Mike Wallace, the fresh new face of the Miami Dolphins’ plan for the playoffs, dismisses the idea of feeling any external burden to meet or exceed expectations. “I put enough pressure on myself,” he said Wednesday.
The onus is on him, though, and that’s fair.
He should understand that.
Whether he acknowledges it or not, it is there.
Whether he parlays it as motivation or buckles from its weight, it is there.
No Dolphins player will bear heavier expectations into the coming season than the newly imported receiver from Pittsburgh. It matters not whether the expectations are his own or others’; they will be on him like the sweat of a July training camp.
Not even second-year quarterback Ryan Tannehill will face as much pressure. Tannehill is a work in progress, after all. Wallace is supposed to be great enough to help the young QB be great, not vice versa. That’s why he is here.
Wallace’s proving is not done. Really, it has just begun.
There is agreement that Wallace is very fast, his irrefutable commodity, but not broad consensus whether he is an elite wide receiver or merely very good.
He must be elite here, and not less. He must be a guy who earns his way into the hallowed company of Paul Warfield, Mark Duper and Mark Clayton whenever Dolfans are discussing the club’s greatest receivers.
He is being paid to be that.
Wallace’s five-year contract could swell to $60 million – $30 million of it guaranteed. Instantly he finds himself the NFL’s third-highest-paid receiver after Detroit’s Calvin Johnson and Arizona’s Larry Fitzgerald, both more accomplished. Whether Wallace merits their company, this money, will be open to debate until he proves he is.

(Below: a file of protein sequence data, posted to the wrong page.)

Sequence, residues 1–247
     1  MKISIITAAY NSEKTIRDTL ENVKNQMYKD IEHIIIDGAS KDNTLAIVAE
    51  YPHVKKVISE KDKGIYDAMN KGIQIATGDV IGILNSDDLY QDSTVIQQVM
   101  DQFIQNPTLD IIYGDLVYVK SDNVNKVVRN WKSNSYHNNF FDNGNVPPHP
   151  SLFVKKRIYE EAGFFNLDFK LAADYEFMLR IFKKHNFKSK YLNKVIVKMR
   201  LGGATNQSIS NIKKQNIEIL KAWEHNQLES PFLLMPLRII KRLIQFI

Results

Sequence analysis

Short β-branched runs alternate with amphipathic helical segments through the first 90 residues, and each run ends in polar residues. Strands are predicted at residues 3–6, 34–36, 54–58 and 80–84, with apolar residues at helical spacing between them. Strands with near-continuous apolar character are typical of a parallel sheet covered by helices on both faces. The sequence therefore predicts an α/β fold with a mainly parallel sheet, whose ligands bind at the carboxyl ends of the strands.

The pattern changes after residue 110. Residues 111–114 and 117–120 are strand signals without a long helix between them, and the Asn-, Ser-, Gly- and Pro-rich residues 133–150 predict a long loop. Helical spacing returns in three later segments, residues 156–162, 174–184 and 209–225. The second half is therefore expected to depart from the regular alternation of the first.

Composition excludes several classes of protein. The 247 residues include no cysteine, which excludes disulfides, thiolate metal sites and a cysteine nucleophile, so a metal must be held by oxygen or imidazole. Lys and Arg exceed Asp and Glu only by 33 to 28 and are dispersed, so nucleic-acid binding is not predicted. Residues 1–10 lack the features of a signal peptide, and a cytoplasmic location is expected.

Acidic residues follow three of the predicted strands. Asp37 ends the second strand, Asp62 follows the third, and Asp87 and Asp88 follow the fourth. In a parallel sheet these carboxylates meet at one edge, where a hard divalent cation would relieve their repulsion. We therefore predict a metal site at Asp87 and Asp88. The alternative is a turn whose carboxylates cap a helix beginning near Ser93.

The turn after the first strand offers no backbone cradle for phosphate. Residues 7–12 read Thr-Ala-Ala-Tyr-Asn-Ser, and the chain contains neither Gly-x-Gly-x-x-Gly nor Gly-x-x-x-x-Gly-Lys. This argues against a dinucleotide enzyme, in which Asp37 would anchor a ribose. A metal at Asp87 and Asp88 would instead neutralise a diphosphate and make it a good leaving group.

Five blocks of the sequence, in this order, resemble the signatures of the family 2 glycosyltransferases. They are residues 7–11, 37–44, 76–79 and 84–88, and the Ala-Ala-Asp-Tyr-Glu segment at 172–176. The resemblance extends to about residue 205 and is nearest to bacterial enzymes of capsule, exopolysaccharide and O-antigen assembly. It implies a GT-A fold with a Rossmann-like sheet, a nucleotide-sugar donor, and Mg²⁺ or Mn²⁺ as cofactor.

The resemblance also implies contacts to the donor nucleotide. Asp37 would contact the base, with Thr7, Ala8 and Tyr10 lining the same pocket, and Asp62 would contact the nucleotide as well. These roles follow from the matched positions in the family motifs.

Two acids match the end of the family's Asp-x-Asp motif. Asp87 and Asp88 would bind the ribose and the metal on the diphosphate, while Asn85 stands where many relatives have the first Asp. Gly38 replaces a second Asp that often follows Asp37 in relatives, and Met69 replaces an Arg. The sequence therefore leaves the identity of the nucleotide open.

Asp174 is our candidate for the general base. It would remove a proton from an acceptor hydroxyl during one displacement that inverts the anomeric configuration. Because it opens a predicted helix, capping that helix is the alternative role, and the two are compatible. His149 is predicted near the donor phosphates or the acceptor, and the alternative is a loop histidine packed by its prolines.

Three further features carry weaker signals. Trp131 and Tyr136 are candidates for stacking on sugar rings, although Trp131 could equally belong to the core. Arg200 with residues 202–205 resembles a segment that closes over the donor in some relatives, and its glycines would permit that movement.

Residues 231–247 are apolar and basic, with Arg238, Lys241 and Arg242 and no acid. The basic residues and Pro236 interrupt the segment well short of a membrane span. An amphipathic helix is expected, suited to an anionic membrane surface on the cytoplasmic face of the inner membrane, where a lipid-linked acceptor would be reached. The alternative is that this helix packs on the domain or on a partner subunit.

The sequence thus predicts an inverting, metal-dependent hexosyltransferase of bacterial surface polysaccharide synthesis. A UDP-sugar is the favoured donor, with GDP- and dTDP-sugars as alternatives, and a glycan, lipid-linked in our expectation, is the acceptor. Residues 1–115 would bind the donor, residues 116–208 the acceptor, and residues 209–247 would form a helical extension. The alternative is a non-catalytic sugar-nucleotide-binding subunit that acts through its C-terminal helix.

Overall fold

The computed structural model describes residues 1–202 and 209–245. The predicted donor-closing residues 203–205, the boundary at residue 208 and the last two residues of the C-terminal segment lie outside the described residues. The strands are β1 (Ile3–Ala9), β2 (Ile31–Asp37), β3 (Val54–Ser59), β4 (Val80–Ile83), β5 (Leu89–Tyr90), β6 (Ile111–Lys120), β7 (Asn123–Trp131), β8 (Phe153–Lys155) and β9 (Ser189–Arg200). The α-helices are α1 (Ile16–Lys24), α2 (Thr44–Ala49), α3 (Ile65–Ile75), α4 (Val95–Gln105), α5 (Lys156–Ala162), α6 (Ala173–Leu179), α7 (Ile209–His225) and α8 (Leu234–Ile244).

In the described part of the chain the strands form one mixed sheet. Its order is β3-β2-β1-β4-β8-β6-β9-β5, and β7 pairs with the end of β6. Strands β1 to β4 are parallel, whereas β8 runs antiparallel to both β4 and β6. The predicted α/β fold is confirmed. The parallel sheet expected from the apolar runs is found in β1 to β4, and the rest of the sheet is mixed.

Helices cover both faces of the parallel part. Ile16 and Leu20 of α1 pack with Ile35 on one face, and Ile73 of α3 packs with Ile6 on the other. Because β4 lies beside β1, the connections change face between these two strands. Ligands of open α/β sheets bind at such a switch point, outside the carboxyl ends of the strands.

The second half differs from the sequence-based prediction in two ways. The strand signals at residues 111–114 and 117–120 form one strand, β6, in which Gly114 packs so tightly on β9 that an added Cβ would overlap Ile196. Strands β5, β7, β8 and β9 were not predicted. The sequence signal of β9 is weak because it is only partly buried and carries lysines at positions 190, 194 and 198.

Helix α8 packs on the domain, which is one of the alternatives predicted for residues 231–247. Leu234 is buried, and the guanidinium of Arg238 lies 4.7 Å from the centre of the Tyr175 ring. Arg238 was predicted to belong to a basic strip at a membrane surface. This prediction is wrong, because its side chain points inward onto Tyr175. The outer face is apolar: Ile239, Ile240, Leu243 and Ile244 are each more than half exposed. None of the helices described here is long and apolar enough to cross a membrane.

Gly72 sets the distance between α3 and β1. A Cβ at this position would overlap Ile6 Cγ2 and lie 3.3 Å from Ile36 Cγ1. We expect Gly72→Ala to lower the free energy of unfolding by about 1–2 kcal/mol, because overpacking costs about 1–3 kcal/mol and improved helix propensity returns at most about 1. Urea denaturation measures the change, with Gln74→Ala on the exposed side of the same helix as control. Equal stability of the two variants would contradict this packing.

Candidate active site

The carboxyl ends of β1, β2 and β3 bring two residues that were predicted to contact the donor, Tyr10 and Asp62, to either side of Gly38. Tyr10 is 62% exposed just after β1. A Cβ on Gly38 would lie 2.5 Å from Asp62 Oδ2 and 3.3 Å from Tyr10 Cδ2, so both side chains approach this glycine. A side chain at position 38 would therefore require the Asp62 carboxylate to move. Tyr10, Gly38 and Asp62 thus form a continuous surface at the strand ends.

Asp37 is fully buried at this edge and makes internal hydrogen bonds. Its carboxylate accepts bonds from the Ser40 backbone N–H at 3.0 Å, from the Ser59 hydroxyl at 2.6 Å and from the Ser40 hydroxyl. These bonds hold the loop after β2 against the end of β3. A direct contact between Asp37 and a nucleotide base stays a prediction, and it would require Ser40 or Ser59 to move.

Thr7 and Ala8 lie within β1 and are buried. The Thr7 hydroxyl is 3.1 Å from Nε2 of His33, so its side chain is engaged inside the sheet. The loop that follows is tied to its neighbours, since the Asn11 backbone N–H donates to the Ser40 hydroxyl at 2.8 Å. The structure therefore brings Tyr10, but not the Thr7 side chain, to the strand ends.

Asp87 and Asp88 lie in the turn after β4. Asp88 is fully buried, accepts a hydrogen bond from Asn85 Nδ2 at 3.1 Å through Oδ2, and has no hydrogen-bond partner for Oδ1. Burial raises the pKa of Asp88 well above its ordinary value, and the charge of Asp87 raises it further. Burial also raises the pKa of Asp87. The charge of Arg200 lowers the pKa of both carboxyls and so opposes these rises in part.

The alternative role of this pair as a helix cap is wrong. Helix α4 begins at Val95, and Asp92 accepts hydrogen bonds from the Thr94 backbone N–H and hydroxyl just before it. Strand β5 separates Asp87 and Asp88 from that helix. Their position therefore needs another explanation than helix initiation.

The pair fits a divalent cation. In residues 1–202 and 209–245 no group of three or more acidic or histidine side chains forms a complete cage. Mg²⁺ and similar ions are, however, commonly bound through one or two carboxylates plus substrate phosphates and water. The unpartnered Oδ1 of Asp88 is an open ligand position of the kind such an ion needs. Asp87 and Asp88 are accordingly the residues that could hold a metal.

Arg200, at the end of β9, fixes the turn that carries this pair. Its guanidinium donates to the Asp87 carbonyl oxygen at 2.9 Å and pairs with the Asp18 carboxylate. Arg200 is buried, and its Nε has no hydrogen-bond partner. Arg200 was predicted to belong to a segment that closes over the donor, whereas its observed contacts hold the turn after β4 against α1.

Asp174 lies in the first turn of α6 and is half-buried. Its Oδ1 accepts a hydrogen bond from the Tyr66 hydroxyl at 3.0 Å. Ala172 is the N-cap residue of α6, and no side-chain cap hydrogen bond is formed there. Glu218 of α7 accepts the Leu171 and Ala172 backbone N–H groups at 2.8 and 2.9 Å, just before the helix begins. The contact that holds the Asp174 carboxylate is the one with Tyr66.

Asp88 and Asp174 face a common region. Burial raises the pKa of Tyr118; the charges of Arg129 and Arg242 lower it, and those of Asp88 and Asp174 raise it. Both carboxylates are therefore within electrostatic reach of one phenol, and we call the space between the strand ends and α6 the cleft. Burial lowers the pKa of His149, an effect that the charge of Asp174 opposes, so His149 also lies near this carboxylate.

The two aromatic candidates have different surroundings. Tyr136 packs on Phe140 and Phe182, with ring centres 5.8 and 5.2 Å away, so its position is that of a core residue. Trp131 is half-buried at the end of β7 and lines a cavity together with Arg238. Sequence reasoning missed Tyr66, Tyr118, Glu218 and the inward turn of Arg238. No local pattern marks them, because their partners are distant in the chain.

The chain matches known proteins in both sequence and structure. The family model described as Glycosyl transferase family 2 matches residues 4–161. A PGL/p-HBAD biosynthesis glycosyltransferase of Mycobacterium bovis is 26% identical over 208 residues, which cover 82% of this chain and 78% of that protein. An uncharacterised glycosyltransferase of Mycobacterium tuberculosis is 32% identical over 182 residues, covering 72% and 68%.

Miami and general manager Jeff Ireland are rightly getting credit, here and nationally, for landing Wallace, despite the great cost. I certainly like the signing. The Dolphins last year had a boring offense with little of the excitement we expected new coach Joe Philbin to bring with him from Green Bay. A lot of that was the lack of a deep threat — any threat to cause opposing defensive coordinators a fitful sleep.
Wallace is supposed to change. Right now.
Newly re-signed safety Chris Clemons was asked Wednesday if he had ever covered Wallace. He remembered one occasion: “I had the middle of the field. Corner played off [him]. He took it to the house. He can definitely take the top off the coverage.”
That means use his 4.3 speed to blow past the deepest line of defense and put nothing but open space between him and a goal line.
There are concerns he must overcome or prove false, however.
A reputation for casual route running precedes him, as does a tendency toward occasional dropped passes. One wonders why a savvy organization like the Steelers would let him go. One also wonders if a player who held out for more money last season will be satisfied now by all those guaranteed Miami millions — satisfied as in not as motivated as he should be.
I’m not being skeptical. I think Wallace will be great. But the Dolphins’ recent track record at the receiver position invites a shade of wait and see.
Miami is the team that underutilized Wes Welker, practically gave him away to New England, and watched him become one of the NFL’s most prolific receivers (and a Dolphin-killer, too).